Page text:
Mystery of the Other, and its reduction in Rahner and Levinas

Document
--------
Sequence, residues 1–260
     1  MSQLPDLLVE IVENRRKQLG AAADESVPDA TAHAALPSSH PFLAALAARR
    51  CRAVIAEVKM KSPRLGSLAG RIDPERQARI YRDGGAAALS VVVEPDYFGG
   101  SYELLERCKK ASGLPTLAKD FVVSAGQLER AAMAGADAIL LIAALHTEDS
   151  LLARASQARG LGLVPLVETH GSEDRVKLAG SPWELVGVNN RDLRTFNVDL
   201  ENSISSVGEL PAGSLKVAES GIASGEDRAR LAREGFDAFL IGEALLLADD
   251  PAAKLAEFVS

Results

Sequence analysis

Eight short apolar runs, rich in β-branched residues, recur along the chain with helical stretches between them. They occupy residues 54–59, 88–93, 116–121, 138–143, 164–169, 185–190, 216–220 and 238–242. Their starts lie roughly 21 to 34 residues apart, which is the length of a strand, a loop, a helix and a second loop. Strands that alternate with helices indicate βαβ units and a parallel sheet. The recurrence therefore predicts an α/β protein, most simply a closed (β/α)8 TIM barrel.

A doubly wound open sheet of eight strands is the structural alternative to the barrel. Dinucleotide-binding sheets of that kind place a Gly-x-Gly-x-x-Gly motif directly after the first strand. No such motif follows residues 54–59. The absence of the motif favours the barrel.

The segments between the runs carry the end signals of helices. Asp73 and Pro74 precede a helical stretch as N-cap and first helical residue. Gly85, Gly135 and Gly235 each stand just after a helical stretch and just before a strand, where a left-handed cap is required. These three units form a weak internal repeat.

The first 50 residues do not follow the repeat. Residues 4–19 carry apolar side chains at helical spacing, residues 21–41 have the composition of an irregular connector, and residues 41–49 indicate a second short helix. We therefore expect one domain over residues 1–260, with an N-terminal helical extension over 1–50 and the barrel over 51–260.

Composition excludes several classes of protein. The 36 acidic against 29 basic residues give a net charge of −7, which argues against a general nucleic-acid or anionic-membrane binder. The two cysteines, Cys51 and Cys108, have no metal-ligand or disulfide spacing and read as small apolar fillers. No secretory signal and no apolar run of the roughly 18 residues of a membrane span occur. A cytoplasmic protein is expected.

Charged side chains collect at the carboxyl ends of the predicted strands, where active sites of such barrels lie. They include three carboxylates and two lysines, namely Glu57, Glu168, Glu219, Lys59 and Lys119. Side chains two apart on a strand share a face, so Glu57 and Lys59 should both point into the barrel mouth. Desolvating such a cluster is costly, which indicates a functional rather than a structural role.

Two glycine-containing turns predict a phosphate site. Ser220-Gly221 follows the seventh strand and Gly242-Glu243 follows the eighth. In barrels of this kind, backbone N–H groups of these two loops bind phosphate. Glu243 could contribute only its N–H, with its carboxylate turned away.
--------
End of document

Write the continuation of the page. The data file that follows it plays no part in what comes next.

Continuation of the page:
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Karl Rahner, responding to the problems raised by Kant's critical philosophy, sought to present a Thomistic metaphysics of realism in a modern thought-form through a reduction of the interrogative thrust of the intellect to its possibility conditions, and so, like Marechal before him, attain an absolute affirmation of Being. Rahner's transcendental system, however, would seem to have been overtaken by a more existential stress in phenomenological thinking. Emmanuel Levinas, with his thought of the Other and his attempt at an excendence from Being, would seem at first glance to sit uncomfortably alongside Rahner's system, yet, a closer reading of both unearths a remarkable convergence in their thinking. The deeper phenomenological reduction which Levinas undertakes to reveal the inter-subjective context of consciousness helps to humanise Rahner's approach. This thesis attempts a fruitful confrontation of both thinkers by, firstly, indicating the tension between Rahner's own philosophical propaedeutic and his theological writings, particularly on grace, mystery and the love of God and neighbour, where he affirms that human existence is ultimately reductio in mysterium and that human fulfilment is to be found in a personal relationship with a human Other. A second purpose is to show how these same theological themes can be developed from within Levinas' own thought, and how his own philosophy can provide a worthwhile context for Christian theology. The thesis unfolds by considering the various methods - metaphysical, transcendental and phenomenological - which surround both thinkers (Chapter 1) and then proceeds to outline their various philosophical influences (Chapter 2). Since the notion of Being as self-presence is fundamental in Rahner, and since Levinas refuses a philosophy of presence, Chapter 3 questions the privilege of presence. This will lead, in its turn, to a rethinking of the notion of subjectivity: the subject is not to be consider as presence-to-self but as a relationship with the Other (Chapter 4). This relationship is experienced in Desire (Chapter 5) and in the responsibility experienced before the face of the Other (Chapter 6). The relation between ethics (the good) and Being is pursued in chapter 7. Finally, the notion of mystery is indicated as the theme which inspires the work of both Rahner and Levinas (Chapter 8). Rahner's unmastered mystery will become Levinas' incomprehensible infinity in the presence of which the subject is called to response and responsibility.